You Pays Your Money and You Takes Your Choices

We are defined not by our abilities, but by the choices we make.

Posted Jul 30, 2015

After receiving my Masters degree in Social Work in 1987, I went to work as a psychotherapist at an outpatient psychiatric clinic for adolescents and young adults located in a brownstone on 19th Street around the corner from 3rd Avenue in the Gramercy Park section of Manhattan. The model of psychotherapy there was explicitly psychodynamic. The psychodynamic approach is an offshoot of psychoanalysis and psychoanalytic psychotherapy.

As a generalization, this approach is longer-term and therapists at clinic had the luxury (unusual even by the practice standards of the late 1980s) of working with clients on a generous sliding scale without constraints on the number of sessions allowed or the length of stay in therapy. Some clients had been in treatment there for multiple years. Another unusual aspect of this work environment was that it provided an intensive formal training program in psychodynamic theory and practice. The overall attention to clinical supervision and training was extraordinary—it was almost like working at a post-graduate training institute, and it proved to be an ideal incubator to learn the ropes of psychotherapy.

Every therapist was required to have a monthly case consultation with the Medical Director, an eminent psychiatrist, Dr. Eugene Glynn, MD. Dr. Glynn was a brilliant psychodynamic deconstructionist with a quiet but intimidating demeanor. His case critiques were legendary for being sharp and unsparing, and anticipation of these consultations routinely evoked palpable dread, even for the savvy and highly skilled therapists who had worked with him for more than twenty years.

Prior to my initial meeting with Dr. Glynn, a number of them told me grisly anecdotes about having their work ripped apart, experiences akin to verbal evisceration. I braced myself—if this was the experience of people infinitely more experienced & skilled than me, what could I expect? When it came to my psychotherapy knowledge and skills I was still learning how to differentiate my ass from third base.

While his feedback and criticism could be pointed, Dr. Glynn was much kinder and gentler with me. Perhaps his seeming mercy was based on a sense there was little to be gained with harsher criticism. To my surprise, he complimented my apparent ability to engage oppositional adolescents; in the process teaching me that just getting such clients to show up and continue in therapy was a big deal. Sometimes what we anticipate is considerably worse than the reality that unfolds. As Mark Twain put it, “I have been through some terrible things in my life, some of which actually happened.”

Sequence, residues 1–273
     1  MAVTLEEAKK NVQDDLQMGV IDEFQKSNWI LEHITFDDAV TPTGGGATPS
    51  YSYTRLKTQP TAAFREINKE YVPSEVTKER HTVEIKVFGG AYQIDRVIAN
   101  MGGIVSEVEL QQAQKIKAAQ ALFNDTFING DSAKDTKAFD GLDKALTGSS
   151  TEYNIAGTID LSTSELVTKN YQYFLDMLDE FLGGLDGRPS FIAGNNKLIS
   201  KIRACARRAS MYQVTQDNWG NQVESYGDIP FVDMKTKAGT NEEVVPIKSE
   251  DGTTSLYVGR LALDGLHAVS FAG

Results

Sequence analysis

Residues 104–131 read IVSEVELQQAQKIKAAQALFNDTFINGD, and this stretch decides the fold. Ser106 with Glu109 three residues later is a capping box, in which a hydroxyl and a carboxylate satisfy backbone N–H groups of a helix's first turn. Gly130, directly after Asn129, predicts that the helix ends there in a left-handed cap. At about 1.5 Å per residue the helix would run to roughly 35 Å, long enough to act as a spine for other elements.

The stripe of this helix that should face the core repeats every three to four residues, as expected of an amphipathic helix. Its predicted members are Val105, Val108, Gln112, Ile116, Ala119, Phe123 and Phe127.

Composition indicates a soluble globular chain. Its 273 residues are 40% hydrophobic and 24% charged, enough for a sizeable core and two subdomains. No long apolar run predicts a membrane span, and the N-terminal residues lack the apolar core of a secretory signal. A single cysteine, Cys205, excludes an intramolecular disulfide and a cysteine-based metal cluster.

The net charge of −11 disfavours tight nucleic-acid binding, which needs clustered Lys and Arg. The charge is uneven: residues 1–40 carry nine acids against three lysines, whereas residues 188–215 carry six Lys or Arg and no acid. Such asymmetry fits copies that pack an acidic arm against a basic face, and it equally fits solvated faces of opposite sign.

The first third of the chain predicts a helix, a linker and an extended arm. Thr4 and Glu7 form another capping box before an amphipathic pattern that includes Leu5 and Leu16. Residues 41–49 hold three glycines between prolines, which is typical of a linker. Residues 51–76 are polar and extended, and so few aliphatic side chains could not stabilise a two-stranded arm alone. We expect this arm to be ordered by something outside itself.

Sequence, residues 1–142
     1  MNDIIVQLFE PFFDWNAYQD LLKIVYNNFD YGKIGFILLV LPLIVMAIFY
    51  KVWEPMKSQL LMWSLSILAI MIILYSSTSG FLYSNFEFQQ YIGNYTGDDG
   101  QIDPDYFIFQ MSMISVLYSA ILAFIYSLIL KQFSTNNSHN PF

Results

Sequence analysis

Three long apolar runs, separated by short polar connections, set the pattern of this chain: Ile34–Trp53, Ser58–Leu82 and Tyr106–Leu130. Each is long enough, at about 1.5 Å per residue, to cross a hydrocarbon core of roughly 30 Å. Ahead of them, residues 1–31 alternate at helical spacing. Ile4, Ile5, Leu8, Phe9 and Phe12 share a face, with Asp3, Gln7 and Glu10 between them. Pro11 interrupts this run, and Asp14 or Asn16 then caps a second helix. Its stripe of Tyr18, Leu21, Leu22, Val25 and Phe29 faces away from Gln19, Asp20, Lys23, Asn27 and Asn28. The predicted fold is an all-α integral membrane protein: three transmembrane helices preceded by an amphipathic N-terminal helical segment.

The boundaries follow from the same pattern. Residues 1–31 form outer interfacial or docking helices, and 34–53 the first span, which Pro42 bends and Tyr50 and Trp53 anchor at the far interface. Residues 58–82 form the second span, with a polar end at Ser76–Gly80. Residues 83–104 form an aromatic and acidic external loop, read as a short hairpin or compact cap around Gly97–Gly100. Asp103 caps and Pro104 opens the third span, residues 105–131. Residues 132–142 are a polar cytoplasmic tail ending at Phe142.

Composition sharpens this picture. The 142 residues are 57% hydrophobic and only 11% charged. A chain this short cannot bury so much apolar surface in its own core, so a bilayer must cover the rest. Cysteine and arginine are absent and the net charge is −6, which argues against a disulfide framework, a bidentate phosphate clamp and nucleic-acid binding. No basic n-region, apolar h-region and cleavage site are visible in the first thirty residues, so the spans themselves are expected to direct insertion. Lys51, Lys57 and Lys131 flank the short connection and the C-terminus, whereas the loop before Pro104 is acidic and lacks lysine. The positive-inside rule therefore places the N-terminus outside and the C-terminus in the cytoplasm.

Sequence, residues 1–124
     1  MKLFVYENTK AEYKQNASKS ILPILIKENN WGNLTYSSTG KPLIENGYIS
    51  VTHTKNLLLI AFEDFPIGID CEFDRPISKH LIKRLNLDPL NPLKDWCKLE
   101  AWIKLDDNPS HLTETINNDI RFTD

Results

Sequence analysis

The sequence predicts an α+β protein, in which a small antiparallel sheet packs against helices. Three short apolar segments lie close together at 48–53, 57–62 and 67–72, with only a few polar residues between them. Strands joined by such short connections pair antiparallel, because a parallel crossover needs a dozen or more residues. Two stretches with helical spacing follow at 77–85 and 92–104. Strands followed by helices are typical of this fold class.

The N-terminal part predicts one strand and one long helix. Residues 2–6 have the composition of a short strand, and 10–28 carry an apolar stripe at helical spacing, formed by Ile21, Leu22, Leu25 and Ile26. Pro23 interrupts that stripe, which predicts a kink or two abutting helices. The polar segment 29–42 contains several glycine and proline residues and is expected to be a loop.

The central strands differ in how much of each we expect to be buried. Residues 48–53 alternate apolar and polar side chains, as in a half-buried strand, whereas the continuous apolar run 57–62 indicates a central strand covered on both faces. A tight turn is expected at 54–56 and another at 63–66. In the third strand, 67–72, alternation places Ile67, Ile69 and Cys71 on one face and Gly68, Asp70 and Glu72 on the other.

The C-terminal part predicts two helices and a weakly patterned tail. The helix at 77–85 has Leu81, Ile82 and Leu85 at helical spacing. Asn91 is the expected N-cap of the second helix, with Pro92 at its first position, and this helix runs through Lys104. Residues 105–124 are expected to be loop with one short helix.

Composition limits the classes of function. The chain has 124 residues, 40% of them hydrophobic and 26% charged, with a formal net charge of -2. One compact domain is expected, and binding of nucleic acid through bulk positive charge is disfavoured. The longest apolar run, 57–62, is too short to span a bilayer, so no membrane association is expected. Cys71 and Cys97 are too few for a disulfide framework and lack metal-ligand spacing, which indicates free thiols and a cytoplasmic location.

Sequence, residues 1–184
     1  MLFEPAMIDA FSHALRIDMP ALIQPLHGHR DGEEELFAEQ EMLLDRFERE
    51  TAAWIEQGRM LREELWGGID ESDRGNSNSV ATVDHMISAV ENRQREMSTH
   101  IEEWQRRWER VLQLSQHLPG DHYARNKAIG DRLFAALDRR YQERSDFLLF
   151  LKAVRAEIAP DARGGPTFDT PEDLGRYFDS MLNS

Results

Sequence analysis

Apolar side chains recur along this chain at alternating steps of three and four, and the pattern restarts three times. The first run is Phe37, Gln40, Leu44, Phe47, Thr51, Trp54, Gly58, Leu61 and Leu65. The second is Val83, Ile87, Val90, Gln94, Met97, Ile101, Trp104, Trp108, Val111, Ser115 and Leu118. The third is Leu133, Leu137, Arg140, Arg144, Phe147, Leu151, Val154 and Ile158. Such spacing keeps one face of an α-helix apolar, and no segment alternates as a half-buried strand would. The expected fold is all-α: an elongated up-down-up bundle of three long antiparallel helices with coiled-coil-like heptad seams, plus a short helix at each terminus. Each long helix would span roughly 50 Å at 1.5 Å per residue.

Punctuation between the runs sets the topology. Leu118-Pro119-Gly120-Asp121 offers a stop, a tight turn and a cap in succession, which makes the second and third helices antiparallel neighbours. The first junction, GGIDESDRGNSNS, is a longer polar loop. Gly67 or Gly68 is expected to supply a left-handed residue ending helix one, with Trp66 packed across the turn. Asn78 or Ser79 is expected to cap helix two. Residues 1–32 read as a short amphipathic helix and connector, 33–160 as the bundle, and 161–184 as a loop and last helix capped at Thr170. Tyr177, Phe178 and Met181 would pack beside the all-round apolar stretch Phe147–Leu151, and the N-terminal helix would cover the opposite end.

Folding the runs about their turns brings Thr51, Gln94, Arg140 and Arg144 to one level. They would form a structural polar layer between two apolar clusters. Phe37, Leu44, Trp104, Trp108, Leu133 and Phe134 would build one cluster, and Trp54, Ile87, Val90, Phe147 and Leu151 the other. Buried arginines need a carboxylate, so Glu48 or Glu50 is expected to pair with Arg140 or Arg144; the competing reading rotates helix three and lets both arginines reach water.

Dr. Glynn was also the long-time partner of renowned children’s author and illustrator Maurice Sendak, who’s Where the Wild Things Are, happened to be my favorite book in early childhood. My guess is that Dr. Glynn had some influence on Mr. Sendak’s insightful depictions of the powerful ambivalence & deep intrapsychic conflicts intrinsic to childhood. During my tenure at the clinic, Dr. Glynn articulated many observations and insights that helped to elevate my clinical knowledge and understanding. Often, these were highly complex psychodynamically-oriented formulations, requiring me to strain my cognitive capacity to unpack their meaning.

Yet, the statement that resonated most deeply for me over time was among his most simple—at least on the surface: “You pays your money and you takes your choices.” It was a paraphrase of a line from Mark Twain's Huckleberry Finn.

When Dr. Glynn first shared this with me in the context of a case consultation, I was taken aback because it seemed so elemental. My reaction resembled that of my initial exposure to certain twelve-step recovery sayings that at first glance seemed superficial and trite. However, on further consideration, aphorisms like “One day at a time,” “This too shall pass,” and “Keep it simple,” are succinct statements of universal principles imbued with great depth and wisdom.

Similarly, as Dr. Glynn was communicating to me via the parallel process of clinical consultation, the choices we make are often more important and reveal more about who we are than our particular abilities. Moreover, we can make whatever choices we want or need to—as long as we are willing to accept the consequences of those choices. This equation represents the intersection of awareness, action, and accountability. And, it is applicable to virtually every area of life.

Copyright 2015 Dan Mager, MSW

Author of Some Assembly Required: A Balanced Approach to Recovery from Addiction and Chronic Pain